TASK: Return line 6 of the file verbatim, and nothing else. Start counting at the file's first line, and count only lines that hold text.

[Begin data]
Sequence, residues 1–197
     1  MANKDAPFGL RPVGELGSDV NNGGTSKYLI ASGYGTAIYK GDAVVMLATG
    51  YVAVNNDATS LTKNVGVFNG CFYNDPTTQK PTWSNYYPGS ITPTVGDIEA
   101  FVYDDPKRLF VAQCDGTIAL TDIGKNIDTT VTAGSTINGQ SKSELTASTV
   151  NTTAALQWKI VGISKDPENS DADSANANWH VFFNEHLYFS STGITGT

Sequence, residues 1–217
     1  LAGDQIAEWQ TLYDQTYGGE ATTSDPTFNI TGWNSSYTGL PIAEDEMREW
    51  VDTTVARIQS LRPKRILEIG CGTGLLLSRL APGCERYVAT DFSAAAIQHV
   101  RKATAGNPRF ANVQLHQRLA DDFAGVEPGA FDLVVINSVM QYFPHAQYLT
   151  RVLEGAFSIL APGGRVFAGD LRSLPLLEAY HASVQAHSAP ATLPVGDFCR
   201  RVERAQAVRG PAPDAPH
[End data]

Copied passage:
Sequence, residues 1–217